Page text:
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Me thinks I shall join BJs, after all

January 21st, 2013 at 04:17 pm

Another weekly foray into the cavernous warehouse that we call BJs. I have spent way over budget on food there, but I was trying to wring out the maximum benefit before my 60-day "free pass" expires.

As I realize how nearly universal the cost savings are on many dozens of items there, I'm morphing from my former "I ain't gonna blow $40 on a membership fee" to something more like, "Gee, I could really lower my annual food costs if I buy from here consistently."

Of course there will be times when I'll want to fall back on my local Trader Joe's or Shop Rite. Cus, what the heck will I do with a gazillion pounds of sour cream, say, when all I really need is a cup for a quick bread I'm baking?

And there are certain things that BJs doesn't carry, I've discovered. Like farro, Quaker old-fashioned oats, steel cut oats and other stuff like pumpernickel bread.

Still, I'm tickled by the fact that unlike Costco, BJ's accepts coupons! If only I could remember to bring them.

I have painstakingly recorded so far the individual food prices of 23 food items I frequently buy. Of these, there have been only TWO cases where another supermarket had the same price as BJs (ground turkey at $2.49 a lb) or did slightly better, only because the supermarket cereal brand was a generic, compared to the BJs name-brand cereal (Cheerios).

But the prices on everything else have been quite impressive, from a low of 21% savings on Heintz ketchup to a savings of as much as 72% on pistachio nuts (BJs: 2.5 lbs at $4.99 vs. 6.99 a pound at Shop Rite). Paul Newman's salad dressing at BJs is also a great buy (55% savings).

A few other scores: 45% savings for 2 lbs of BJs organic quinoa at $4.99 vs. a pound of quinoa at Shop Rite for $4.56. Also, Amy's organic canned soups go for $1.66 each at BJs vs. $2.99 each at Shop Rite.

What's not to love?

I did see one anomaly, though. Inexplicably, 100 Bigelow organic green tea bags at BJs cost $8.49, while 100 Salada black tea bags at Shop Rite cost just $2.59. That's a 68% price difference in favor of Shop Rite. Is Bigelow an outrageously expensive brand to begin with? Is it just becus it's organic? I don't know, but I am a big tea drinker. Imay return these. I just can't justify buying everything organic. (I limit my organic buys mostly to the top 10 produce items on the Env. Defense Fund list of most heavily sprayed fruits and veggies.)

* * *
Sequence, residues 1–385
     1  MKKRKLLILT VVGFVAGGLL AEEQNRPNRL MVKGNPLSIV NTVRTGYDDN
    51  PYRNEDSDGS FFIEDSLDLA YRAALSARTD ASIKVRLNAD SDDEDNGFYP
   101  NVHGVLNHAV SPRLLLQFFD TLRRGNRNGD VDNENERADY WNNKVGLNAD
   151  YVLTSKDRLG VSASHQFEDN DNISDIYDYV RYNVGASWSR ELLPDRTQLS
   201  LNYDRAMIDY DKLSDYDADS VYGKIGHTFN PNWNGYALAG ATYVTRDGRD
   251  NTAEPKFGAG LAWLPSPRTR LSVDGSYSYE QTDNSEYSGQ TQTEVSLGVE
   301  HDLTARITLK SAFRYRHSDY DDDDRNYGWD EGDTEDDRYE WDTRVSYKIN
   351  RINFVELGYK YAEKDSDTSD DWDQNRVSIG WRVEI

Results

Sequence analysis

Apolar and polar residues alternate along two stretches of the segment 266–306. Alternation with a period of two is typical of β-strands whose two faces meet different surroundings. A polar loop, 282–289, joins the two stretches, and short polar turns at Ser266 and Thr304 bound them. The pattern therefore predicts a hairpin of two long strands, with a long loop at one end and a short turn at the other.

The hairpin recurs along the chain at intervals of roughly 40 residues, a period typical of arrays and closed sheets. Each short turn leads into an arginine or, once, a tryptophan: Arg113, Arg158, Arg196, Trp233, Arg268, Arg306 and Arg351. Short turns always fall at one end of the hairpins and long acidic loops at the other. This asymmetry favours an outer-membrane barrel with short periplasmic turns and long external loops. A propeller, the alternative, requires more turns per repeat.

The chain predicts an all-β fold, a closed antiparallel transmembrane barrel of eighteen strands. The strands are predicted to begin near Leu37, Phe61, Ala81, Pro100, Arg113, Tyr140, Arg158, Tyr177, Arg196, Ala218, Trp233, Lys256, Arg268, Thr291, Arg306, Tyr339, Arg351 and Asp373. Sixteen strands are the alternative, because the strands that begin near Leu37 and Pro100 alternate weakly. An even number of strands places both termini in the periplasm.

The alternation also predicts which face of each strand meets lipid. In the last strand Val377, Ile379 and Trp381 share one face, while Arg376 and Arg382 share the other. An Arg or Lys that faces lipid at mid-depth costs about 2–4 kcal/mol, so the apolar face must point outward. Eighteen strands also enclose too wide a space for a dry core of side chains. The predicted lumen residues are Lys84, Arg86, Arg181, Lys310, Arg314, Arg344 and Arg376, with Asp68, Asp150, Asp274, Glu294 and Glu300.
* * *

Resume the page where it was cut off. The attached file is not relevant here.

I may also return the six-pack of Glide dental floss I got for $12.99 at BJs. Cus it's the kinds of item I usually buy generic at Shop Rite. No need to pay extra for a brand name. I'll have to price it next time I'm at Shop Rite.

I was delighted with the frozen organic 3 lb bag of mixed berries at BJs at $9.99, compared to the stingier 12-ounce bag I get at Trader Joe's after shelling out $3.49. Savings: 31%, at BJs.

The icing on the cake is that shopping at BJs is a leisurely, unhurried experience without the crowds we all know and love at Costco. That's because it's a brand-new BJs store, and I suspect that more people will be arriving in coming months after their memberships at Costco expire. (This, after Costco raised their basic membership fee to $55. Hmph.) Most people would probably not find it sensible to have two concurrent warehouse store memberships running.

Seeing as how food represented my third greatest expense in 2012 after 1. the mortgage/property taxes and 2. COBRA, I would love to see my average monthly spend of about $230 come down.

My mother and I frequently exchange finds at BJS and I have shared my price book with a few girlfriends.

Oh...another good buy at BJs is dark chocolate squares, Ghiardelli's or Hershey's. Smile

The one thing I worry about is seeing "price creep" after people join. You know, they lock you in as shoppers once you plunk your membership fee down and then they hike up costs all over the store. What's to stop them? Scary.

7 Responses to “Me thinks I shall join BJs, after all”

  1. snafu Says: